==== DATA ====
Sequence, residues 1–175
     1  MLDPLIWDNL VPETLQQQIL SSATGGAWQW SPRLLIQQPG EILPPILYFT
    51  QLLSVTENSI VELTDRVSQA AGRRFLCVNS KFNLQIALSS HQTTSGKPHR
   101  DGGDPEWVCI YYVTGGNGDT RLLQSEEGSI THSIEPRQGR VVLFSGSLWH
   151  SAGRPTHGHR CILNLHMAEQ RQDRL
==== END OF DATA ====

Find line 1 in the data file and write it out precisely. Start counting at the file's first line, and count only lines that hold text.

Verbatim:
Sequence, residues 1–175